One such Colorado Desert dweller we have in California is the desert kit fox (Vulpes macrotis).  Desert kit foxes are equipped with large ears and long limbs for easy heat dissipation and have developed several behavioral adaptations to tolerate desert climates. One adaptation is crepuscular activity during the hot summer months. Crepuscular animals are most active at sunrise and sunset–the coolest parts of the day. Another behavioral adaptation is burrowing and den building and many desert vertebrates and invertebrates are borrow-dwelling animals.

Look at those temps! A remote camera photographs a radio collared fox in California’s Chuckwalla Valley – part of the Colorado Desert. Here, this fox appears to be entering her den to avoid the 107ºF afternoon. Photo courtesy of David Elms from our Region 6 DFG office.

Kit fox burrows, or dens, can be extremely complex with more than 15 openings that wind and turn in various directions and can be more than six feet deep!  Other dens can be simpler and may just consist of one or two entrances. Kit foxes often build multiple den complexes throughout their home ranges, and will occupy them during various portions of the year. Biologists are still trying to understand when and why kit foxes chose certain areas to create dens, but one thing is for certain, kit foxes display fidelity to the sites they choose for den building. That is, they will continuously return to dens in their home range year after year, or at least visit them periodically to make sure no one else has moved in.

Wildlife biologist and veterinarian, Deana Clifford, listens for collared desert kit foxes using a hand-held antenna (also known as a “yagi”). The antenna is connected to a small, receiver that picks up the unique frequencies assigned to each collar transmitter. Photo courtesy of Jaime Rudd.

For the past year, Deana Clifford, the WIL’s wildlife veterinarian for non-game threatened and endangered species, has been investigating an outbreak of canine distemper virus occurring in desert kit foxes along the I-10 corridor of eastern Riverside County. Since the project began in January 2012, biologists have been monitoring the collared foxes using radio telemetry – a sort of biological hide-and-seek. Typically, biologists can find collared individuals by listening to the unique frequency each collar transmits. The collars our kit foxes are wearing have two settings: active and mortality. A mortality pulses at a faster rate than a normal signal if the animal has not moved for many hours. This allows biologists to locate and retrieve the fox carcass and determine the cause of death in a timely manner. In addition to radio-collars, remote cameras have been placed at kit fox dens allowing biologists to monitor their health and physical condition.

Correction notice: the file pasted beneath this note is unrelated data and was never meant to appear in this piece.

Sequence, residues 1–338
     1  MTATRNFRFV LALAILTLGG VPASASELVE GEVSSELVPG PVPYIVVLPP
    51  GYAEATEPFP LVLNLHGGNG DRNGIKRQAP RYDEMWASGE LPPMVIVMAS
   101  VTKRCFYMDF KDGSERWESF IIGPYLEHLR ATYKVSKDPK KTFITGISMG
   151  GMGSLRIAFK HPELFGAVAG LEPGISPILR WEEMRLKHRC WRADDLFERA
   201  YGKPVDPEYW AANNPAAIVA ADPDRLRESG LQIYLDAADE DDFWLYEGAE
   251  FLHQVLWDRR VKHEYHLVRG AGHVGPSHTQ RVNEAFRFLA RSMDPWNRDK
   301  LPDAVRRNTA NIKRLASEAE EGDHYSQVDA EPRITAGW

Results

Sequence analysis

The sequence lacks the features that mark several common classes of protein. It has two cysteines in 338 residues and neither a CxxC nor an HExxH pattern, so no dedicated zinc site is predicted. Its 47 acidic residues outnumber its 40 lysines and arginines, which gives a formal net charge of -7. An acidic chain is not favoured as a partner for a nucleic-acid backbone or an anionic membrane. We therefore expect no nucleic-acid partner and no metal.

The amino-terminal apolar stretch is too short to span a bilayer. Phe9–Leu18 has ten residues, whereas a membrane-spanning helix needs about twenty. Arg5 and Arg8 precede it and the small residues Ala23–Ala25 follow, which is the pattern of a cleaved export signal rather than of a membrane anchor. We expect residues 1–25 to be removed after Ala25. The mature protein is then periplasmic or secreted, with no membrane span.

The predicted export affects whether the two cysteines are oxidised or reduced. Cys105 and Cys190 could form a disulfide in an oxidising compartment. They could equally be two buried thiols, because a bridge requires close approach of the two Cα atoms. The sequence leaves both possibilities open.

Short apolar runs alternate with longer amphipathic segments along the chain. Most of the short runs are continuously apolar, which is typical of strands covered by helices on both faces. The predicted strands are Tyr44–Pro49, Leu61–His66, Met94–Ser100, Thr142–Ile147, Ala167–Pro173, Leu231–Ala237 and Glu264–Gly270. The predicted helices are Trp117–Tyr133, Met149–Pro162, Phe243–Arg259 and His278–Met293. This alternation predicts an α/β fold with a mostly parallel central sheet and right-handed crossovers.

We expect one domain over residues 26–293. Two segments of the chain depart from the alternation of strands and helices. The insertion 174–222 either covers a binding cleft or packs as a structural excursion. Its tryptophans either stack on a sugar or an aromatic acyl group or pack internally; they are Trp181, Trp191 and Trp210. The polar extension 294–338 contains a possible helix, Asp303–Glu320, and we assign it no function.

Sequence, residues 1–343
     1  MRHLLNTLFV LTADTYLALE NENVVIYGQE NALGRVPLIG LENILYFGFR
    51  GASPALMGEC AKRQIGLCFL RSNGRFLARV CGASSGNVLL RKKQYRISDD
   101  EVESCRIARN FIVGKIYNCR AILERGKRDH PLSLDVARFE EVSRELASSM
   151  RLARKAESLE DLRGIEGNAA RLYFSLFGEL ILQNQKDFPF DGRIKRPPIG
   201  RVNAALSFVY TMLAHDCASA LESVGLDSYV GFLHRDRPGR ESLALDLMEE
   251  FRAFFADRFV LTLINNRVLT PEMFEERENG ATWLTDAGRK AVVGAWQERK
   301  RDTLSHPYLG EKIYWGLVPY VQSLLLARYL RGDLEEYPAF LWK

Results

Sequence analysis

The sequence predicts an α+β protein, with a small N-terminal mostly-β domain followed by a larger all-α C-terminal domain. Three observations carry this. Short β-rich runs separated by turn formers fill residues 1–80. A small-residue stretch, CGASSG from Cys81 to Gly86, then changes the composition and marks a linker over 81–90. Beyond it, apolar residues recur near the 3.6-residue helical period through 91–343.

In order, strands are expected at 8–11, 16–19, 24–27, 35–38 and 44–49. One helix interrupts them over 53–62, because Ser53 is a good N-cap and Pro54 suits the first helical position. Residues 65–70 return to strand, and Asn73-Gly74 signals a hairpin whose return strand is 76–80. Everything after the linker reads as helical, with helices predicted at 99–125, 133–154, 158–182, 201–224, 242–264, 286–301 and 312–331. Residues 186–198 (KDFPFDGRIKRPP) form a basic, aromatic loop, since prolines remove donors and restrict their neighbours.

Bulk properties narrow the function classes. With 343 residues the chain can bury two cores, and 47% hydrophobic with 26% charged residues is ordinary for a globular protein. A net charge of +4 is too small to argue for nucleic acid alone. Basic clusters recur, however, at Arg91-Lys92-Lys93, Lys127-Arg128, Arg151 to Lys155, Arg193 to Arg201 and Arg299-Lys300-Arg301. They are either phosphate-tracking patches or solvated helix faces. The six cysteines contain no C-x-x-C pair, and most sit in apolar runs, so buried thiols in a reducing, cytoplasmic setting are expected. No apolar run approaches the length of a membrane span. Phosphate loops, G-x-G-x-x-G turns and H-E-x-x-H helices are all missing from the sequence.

Throughout this past summer, thunderstorms surged through the Colorado Desert, resulting in flash flooding. While it is true that this is not atypical of the desert (as mentioned earlier), it can still cause some disruptions to an animal’s regular pattern of activity. Burrowing animals are especially vulnerable because their homes are susceptible to flooding. Moving to higher ground becomes a necessity to avoid being trapped and new burrows need to be established quickly in order to be protected from predators, competitors and the weather.  It was during this time that several of our collared desert kit foxes seemed to have “disappeared.”

When a collared animal goes “off-air” (meaning they cannot be heard via radio telemetry) and seemingly disappears, it is unnerving. As biologists, we have a responsibility to the safety and well-being of a study animal and we do not want the collar to be the reason for any mishap that may occur in the animals daily activities. Additionally, these animals are part of a disease monitoring collaborative and they provide us with very valuable information. Not being able to find the carcasses means information is lost, which undermines the purpose of this effort. After several unsuccessful attempts to locate the animals on foot, it was decided that what we needed was an eye in the sky. We called upon the professionalism of warden-pilot Tom Evans. With his help, we were able to take to the sky and listen for our “missing” foxes. Thanks to Tom and all of his experience in aerial telemetry, we were able to locate and recover our missing foxes. Amazingly, we were also able to clearly see the large den complexes our missing foxes created – from the sky!

A 2-element antenna affixed to the underside of an airplane wing. Often in radio telemetry the transmitter’s signal (in this case a radio collar) often travels upward, not outward. In flat areas, such as the desert, tracking animals can become difficult because gaining enough height to receive the signal is not always permissible. That is why aerial telemetry is an invaluable aid for biologist. Photo courtesy of WIL biological volunteer, Teri Baker.

You can read about what prompted the initial disease surveillance project by following our DFG News Blog. More about recent work can be found by clicking here.